In a country that is strange to me, where I don't know the customs or the clues to knowing whether someone is shooting straight or taking advantage of a rube from America, three people at the bus stop, traveling together, began to chat with me. I mentioned that I was going to town to look for a room, planning to stop at the travel agency mentioned in my tour book. Steve, the husband of Tea (two syllables), said that agency was closed, and anyway, no agency would be open at 9 PM on a Friday night. Tea, clearly perceiving that I was adrift, made a phone call to a friend who just happened to have a room available, even though I only wanted it for two nights (3 nights is the usual minimum). It was 70 Euros per night, about $90, but it had AC, which my heat rash made a necessity. I protested that the price was high, but Tea informed me that I was lucky it was available, that I would like it, and the price, it seemed, was not open to discussion.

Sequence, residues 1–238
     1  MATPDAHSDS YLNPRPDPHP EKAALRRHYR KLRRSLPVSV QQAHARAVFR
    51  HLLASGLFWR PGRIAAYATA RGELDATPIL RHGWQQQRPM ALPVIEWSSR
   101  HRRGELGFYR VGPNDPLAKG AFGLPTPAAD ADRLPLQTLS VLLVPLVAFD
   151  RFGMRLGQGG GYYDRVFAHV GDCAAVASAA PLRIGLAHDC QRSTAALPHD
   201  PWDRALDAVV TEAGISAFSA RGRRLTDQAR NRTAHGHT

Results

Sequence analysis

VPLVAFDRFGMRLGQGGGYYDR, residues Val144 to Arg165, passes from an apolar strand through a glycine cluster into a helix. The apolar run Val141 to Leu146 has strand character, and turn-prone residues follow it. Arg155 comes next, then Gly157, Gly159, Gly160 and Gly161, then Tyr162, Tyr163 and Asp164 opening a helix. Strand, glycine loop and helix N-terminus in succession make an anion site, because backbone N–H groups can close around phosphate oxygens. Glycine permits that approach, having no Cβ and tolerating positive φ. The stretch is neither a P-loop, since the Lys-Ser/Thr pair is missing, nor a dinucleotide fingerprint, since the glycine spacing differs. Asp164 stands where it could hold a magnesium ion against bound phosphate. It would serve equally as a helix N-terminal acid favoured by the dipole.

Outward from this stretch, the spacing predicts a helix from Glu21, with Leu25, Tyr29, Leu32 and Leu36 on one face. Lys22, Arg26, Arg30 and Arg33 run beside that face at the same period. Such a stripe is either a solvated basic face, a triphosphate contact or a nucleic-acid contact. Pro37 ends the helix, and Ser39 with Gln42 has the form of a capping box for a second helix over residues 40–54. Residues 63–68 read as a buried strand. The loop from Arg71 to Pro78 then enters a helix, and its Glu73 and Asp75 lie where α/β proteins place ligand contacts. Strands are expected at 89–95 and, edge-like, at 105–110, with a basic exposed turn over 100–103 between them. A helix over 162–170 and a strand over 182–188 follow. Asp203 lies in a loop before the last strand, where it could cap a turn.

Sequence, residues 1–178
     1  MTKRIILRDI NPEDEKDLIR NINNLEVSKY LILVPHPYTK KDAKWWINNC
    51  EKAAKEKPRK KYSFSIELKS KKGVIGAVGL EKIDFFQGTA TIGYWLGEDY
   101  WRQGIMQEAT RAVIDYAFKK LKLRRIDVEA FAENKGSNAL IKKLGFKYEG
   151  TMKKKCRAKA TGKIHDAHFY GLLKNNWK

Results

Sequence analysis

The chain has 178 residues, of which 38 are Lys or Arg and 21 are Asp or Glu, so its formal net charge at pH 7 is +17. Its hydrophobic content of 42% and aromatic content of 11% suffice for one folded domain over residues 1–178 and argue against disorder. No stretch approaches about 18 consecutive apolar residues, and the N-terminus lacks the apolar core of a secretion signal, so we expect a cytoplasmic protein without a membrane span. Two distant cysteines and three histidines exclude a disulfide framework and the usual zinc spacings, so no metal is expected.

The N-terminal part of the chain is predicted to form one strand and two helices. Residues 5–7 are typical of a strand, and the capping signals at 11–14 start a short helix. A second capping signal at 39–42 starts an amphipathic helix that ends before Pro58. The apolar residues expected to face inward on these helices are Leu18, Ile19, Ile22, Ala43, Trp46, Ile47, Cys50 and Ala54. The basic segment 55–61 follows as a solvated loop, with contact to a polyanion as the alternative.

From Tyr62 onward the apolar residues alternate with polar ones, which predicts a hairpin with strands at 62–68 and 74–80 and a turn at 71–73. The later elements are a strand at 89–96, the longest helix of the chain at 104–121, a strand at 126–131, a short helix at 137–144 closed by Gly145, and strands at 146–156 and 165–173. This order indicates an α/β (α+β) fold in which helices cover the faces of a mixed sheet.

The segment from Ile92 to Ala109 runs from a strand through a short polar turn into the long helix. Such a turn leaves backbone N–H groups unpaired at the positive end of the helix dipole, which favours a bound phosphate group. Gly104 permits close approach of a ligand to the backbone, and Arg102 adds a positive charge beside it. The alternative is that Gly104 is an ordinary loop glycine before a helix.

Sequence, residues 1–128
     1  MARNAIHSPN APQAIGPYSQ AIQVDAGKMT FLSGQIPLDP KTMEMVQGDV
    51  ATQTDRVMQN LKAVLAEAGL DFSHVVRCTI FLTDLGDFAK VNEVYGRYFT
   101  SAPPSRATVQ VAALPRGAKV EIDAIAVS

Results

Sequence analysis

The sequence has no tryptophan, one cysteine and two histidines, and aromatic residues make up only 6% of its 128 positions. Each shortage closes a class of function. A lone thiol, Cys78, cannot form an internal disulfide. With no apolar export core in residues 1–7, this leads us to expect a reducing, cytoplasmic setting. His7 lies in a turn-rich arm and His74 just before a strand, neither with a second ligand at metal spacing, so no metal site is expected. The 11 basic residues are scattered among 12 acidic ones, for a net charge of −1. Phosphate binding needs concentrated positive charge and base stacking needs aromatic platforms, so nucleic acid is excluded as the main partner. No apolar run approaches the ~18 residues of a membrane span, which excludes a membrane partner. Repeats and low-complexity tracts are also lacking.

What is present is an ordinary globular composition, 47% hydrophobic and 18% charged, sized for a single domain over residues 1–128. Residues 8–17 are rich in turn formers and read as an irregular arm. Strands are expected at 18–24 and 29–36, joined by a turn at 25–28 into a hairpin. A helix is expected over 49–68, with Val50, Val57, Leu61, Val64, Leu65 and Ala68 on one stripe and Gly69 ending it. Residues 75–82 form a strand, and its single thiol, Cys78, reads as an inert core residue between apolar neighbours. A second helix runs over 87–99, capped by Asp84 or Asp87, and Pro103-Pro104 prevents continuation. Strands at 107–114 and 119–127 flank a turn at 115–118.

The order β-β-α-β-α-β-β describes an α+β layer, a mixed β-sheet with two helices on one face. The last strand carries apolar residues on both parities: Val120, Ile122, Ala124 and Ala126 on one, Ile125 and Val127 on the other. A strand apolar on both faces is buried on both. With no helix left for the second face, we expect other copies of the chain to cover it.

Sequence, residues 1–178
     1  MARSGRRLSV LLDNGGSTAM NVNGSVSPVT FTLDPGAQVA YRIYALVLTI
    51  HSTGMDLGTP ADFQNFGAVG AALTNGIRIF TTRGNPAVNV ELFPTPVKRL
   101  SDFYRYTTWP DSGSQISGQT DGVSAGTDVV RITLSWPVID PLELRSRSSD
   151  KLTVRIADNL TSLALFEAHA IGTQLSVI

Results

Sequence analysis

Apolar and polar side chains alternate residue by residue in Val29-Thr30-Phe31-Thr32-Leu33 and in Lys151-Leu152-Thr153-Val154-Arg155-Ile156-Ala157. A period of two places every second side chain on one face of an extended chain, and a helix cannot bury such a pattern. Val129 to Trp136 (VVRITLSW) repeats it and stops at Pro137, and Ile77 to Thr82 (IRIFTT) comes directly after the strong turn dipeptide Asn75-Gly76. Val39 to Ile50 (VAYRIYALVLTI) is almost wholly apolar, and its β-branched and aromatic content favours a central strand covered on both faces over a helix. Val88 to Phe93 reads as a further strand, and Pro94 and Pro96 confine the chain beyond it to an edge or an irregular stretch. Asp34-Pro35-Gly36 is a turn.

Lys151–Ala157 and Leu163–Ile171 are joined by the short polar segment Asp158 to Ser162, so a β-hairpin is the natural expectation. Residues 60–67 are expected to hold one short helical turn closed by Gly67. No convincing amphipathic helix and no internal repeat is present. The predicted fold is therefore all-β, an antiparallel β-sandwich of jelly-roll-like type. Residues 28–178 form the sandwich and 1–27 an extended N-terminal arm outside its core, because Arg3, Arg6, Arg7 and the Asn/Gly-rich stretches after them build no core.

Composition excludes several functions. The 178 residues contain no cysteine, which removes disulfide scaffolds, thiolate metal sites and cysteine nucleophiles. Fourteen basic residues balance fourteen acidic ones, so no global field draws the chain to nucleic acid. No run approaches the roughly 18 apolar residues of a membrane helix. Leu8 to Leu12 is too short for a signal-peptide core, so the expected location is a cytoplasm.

About that time, Marina and Carmela came by in a taxi, offering me a lift. I let them know that it appeared I had a room, so they could go on into town and I would connect with them later.
But I really wasn't sure. I didn't know these folks at all, and had no idea if they were setting me up to take my money, put me up in their sister's boss's cousin's hovel at triple the usual price, or if they were on the level.
So I got on the bus with them, and got off where they did, outside Pile Gate into Old Town. They said the proprietress's son was coming to take me to the house. And there was Alberto. He looked alright. He and Tea and Steve (the third person at the bus stop was Marc, from France) greeted each other warmly, and Alberto led me away.